A slight boost in feeder cattle prices last week was welcome news for producers.
Andrew Griffith, Extension ag economist with the University of Tennessee, says while those prices may or may not be meaningful, producers need to take small victories when they can.
“The reason steady and higher price trends this week should be considered positive is because many feeder cattle futures contract prices declined $8 to $9 per hundredweight since the close on Jan. 22,” Griffith says in his weekly market outlook.
“On top of that, many of the feeder cattle contracts are as much as $10 to $13 lower than their contract high, which was hit in the middle of January. It is good that the cash market has had a muted response to all of the white noise that is occurring in the broader electronic markets, because it could have really crashed the local cash market.”
Griffith says news items such as coronavirus and the impeachment trial of President Donald Trump are affecting all commodity prices. He says while it is easy to complain about these outside factors, complaints generally do not reverse market trends.
“Thus, producers have to be constantly cognizant of situations and events that could throw the market into disarray, and at the same time manage their market risk by taking advantage of the opportunities offered throughout the year,” Griffith said.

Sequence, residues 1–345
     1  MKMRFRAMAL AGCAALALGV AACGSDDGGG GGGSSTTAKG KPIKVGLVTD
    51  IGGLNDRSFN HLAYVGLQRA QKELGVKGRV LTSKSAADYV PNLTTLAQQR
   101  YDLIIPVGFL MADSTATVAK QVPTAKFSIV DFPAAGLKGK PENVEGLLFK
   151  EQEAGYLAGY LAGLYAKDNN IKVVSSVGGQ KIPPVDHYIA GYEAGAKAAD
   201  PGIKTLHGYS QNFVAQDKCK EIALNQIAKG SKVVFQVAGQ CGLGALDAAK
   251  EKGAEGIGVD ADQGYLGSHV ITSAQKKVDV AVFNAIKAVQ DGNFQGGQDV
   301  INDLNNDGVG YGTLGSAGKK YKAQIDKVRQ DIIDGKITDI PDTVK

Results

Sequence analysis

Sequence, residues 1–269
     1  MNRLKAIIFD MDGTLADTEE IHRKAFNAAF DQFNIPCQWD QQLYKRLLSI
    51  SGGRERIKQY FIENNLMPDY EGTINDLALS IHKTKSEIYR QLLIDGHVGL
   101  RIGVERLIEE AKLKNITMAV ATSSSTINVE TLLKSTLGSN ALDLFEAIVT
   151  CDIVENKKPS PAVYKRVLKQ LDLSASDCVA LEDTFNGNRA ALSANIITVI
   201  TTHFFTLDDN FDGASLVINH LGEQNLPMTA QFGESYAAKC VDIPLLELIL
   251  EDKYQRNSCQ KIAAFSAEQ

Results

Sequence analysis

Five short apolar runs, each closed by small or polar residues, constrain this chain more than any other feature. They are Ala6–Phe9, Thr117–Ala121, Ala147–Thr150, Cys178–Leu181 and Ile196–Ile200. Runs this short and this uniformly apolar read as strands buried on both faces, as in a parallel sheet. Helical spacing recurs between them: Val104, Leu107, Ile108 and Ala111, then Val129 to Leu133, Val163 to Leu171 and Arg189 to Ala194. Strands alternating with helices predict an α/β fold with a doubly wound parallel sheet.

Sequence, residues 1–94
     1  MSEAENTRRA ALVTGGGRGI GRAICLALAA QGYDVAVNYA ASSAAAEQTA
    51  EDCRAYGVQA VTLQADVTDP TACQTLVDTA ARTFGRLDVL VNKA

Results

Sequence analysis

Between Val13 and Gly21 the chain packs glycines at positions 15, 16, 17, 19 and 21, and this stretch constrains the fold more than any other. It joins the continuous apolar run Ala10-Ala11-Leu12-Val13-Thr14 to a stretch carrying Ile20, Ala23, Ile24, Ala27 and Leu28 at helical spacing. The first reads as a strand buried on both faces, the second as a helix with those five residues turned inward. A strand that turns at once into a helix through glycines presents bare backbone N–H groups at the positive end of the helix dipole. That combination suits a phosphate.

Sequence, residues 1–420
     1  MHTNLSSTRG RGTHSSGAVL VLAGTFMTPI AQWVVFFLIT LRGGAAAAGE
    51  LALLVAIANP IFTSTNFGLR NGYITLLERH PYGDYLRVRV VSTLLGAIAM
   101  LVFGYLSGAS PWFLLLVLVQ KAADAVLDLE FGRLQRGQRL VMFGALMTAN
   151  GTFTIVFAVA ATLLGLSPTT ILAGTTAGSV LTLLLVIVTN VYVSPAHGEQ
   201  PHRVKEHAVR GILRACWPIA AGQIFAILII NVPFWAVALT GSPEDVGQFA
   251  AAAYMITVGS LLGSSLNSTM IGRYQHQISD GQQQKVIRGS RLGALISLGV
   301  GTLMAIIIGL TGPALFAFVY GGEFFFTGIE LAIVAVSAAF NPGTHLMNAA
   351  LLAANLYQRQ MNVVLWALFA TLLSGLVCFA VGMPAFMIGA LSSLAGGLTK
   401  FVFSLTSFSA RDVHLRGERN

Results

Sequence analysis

“This is easier said than done, but grabbing a profitable marketing price anywhere along the way will help to ensure another year of operating a cattle operation. The market should provide another chance for this year.”
Fed cattle prices were down last week, but that should have little impact on margins, Griffith says.
“The finished cattle market slipped a little this week, but the slip in the market will do very little to cut into cattle feeding margins that are very good right now,” he says. “It should not be surprising for finished cattle prices to soften during January and February when beef supplies are plentiful and when beef demand is seasonally soft.
“However, the April live cattle contract is offering very little hope of a price resurgence heading into the summer grilling season. Thus, despite strong margins at the feedlot right now, many cattle feeders are already focused on the spring and summer marketing time frame.”